As I have documented my learning through my self-regulated inquiry course project this summer, I have…
- …begun looking at the big ideas on learning maps as big goals which students will reach by the end of the course.
- …revised my existing learning map for French 8 using the most recent curriculum update.
- …summarized research I’m using to align my day to day feedback with the learning maps and self-regulated learning.
- …used my learning to assess the quality of my existing feedback and formative assessment tools.
In this step of my process, I am looking at applying the self-regulated learning model to create a proposed feedback timeline. The most frequently used definition of self-regulated learning in the research I’ve read so far is this:
“…a general working definition of self-regulated learning is that it is an active, constructive process whereby learners set goals for their learning and then attempt to monitor, regulate, and control their cognition, motivation, and behavior, guided and constrained by their goals and the contextual features in the environment.”Pintrich, P.R. (2000). The role of goal orientation in self-regulated learning. In M. Boekaerts, P.R. Pintrich, & M. Zeidner (Eds.), Handbook of self-regulation (pp.451-502). San Diego, CA: Academic Press. Found here.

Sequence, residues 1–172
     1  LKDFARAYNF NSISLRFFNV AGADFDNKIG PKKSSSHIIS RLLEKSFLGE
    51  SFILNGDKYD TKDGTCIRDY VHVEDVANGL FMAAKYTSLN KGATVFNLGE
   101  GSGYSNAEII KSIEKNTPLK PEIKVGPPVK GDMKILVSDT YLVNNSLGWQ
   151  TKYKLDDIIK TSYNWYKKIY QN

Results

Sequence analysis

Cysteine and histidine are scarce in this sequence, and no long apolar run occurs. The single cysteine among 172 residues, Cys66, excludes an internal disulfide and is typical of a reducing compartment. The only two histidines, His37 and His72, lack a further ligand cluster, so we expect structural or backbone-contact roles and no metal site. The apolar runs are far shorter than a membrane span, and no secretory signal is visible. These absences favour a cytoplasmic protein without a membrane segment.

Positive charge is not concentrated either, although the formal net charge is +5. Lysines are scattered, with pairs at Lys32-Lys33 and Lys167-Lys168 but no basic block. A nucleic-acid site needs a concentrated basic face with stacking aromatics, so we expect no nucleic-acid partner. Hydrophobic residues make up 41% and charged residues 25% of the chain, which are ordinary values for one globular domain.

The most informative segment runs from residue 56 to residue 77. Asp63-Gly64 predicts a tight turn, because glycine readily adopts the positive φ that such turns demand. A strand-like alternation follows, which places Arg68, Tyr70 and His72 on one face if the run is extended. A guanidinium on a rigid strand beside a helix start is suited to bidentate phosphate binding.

If I were explaining this to my students, I would show them a diagram like the one following, and use a practical example of a learning task to talk about what the process looks like for them.
The big burning question I had when starting this project was how to time a student feedback/peer observation/self-assessment process that aligns with the self-regulated learning process (above) and can be used in high school second language classes. I want these feedback mechanisms to act as supports to student success in showing learning in the Big Ideas from learning maps, expressed as distal goals. The best answer I have found so far comes from “Classroom Applications of Research on Self-Regulated Learning” by Paris and Paris: